As the Iowa caucus and New Hampshire primary near, the Bernie Sanders campaign last weekend rolled into Montrose, Calif., a quiet hamlet nestled in the San Gabriel foothills just north of Los Angeles.
The latest polls for both Iowa and New Hampshire show Sanders pulling ahead of his rival Hillary Clinton. But backers of Mr. Sanders who gathered at Montrose’s Sparr Heights Community Center for phone banking to Iowa voters for next week’s caucus were not about to leave anything for granted.
Their mission was to keep up the momentum for Sanders, whom supporters characterized, as “a man with a plan,” in inadvertent homage to a movie with the same name about a 78-year-old Vermont farmer who wins a high political nomination without any backing.
Calling voters in Iowa, which has only about 1 percent of the delegate total to the Democratic National Convention, could be framed as a tune-up for June’s delegate-rich California primary. However, the importance of Iowa is that it is the first state to weigh in during the presidential campaign. The results can have a significant impact on how a candidate does in subsequent state primaries. The Hawkeye State has forecast the eventual Democratic presidential nominee since 1996.
In this presidential election year—with an unofficial mantra to expect the unexpected—it might be said that elitism in politics in both parties has been turned on its head in favor of a voice from below, in the vein of Seuss’s “Yertle the Turtle,” the one who forms the base.
Young and Old
Mr. Sanders’ supporters in Montrose appeared to represent a spectrum of ethnicities and age groups, from retired to not-yet old enough to vote such as just-turned 16-year-old Amira Chowdbury, a sophomore at Hoover High school, in Glendale.
Her praise for Sanders resides in his identification with the average man. “He tells the truth. He’s down-to-earth, not from the establishment—I like that. He flies coach like the rest of us, not first class,” she said.
At a time when most her age are into dating and worried about what others think, Ms. Chowdhury sounded every part of a future keynote speaker. She has even started a political discussion group at her school. Her dream, not surprisingly, is to major in political science when she heads for college in two years.
But this raises another concern: paying for her education. “Kids have so much debt when they get out [of college],” she said. A Sanders plan would alleviate this burden, she said, “education should be affordable or free.”
Universal healthcare is also a concern for the young woman. Her grandmother, she said, cannot afford the medicine she needs. “Equal access to quality healthcare should be a right, not a privilege.”
La Crescenta resident June Henry, in her 60s, works as a policy analyst for the state of California, and Karen Berger, of Montrose, is a retired legal secretary. While Ms. Henry handed out badges and T-shirts in exchange for donations, Ms. Burger, who took a taxi for the opportunity to use her own phone to call people in Iowa, was happy to hear her candidate speak to the gathering via livestream.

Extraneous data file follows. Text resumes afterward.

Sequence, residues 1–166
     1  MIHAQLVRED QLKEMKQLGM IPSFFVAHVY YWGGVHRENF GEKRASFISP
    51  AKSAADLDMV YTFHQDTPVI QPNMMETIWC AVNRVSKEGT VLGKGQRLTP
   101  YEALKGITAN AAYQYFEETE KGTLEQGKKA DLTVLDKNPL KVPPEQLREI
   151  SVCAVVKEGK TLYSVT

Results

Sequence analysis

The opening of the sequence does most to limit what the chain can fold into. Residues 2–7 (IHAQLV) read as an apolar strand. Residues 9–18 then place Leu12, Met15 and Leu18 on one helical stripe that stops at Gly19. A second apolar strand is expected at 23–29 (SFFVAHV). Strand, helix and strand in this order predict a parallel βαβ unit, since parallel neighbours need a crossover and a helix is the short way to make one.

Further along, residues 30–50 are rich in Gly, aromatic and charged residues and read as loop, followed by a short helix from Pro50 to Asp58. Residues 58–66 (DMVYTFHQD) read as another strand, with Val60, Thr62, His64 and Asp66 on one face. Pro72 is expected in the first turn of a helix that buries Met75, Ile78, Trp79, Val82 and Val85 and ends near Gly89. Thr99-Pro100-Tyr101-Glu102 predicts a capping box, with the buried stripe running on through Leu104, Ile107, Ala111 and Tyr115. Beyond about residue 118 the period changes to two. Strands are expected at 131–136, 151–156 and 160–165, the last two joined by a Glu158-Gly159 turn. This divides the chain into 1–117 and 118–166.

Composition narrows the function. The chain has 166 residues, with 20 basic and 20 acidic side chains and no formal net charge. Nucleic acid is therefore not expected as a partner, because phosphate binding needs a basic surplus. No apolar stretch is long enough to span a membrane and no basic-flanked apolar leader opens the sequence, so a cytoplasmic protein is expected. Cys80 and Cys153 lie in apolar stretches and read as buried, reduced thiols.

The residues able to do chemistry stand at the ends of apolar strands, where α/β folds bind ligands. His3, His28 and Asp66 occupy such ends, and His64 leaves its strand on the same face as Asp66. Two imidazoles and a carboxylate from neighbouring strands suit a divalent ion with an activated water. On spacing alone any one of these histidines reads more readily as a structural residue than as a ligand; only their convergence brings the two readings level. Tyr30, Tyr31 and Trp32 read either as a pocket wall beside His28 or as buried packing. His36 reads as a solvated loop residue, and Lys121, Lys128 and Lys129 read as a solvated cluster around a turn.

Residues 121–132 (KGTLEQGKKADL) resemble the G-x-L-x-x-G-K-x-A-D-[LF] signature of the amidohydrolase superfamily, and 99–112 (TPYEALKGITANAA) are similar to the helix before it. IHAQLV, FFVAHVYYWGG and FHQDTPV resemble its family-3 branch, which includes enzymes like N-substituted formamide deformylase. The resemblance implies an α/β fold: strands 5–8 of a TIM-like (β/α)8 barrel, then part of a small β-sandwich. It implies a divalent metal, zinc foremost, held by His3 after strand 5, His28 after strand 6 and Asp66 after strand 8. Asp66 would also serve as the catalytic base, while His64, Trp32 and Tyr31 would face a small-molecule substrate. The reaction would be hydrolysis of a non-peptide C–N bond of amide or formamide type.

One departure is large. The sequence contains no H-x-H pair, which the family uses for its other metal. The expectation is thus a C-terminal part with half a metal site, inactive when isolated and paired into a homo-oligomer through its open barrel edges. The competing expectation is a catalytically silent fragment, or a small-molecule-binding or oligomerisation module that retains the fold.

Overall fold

“He won’t take a drop of ‘big money,'” boasted Ms. Berger, alluding to the grassroots movement of Mr. Sanders that spurns donations from large corporations in favor of small ones from individuals. “He’s a breath of fresh air.”
“He tells the truth whether you want to hear it or not,” added Ms. Henry, who sides with his long-time agenda to lessen the gap between the socio-economic classes. “He’s been saying the same thing for fifty years, way back when he was with Martin Luther King.” Mr. Sanders joined Mr. King for the march on Washington in 1963.
Mr. Sanders’ start in politics came in 1981 as mayor of Burlington, Vt. Noted for standing up to large commercial developments, he is remembered for extensive downtown revitalization projects. US News and World Report in 1987 named him one of the country’s best mayors. He became the first Socialist elected to the U.S. House of Representatives in 1990, and won election to the U.S. Senate in 2006. He affiliated with the Democratic Party in 2015.
‘A Man with a Plan’
The film “A Man with a Plan,” came out in 1996. It starred the late Fred Tuttle, a retired, septuagenarian dairy farmer, playing himself. With a goal to get out of the barn and into the house, he runs against a well-oiled politician for Congress. As sometimes happens, life imitates art, and in 1998, on $16—the cost to register his name on the ballot—Mr. Tuttle grabbed the Republican nomination for Senate against an opponent who had put up millions.
U.S. Senator Patrick Leahy, Mr. Tuttle’s opponent in the general election, called him “the distilled essence of Vermonthood,” an example of both the “everyman” and of the unique individualist. Such seemed to be the allure for Bernie Sanders among his supporters in Montrose.
Timothy Wahl’s experience in business, education, the sciences, and the arts gives him a unique platform on a spectrum of subjects.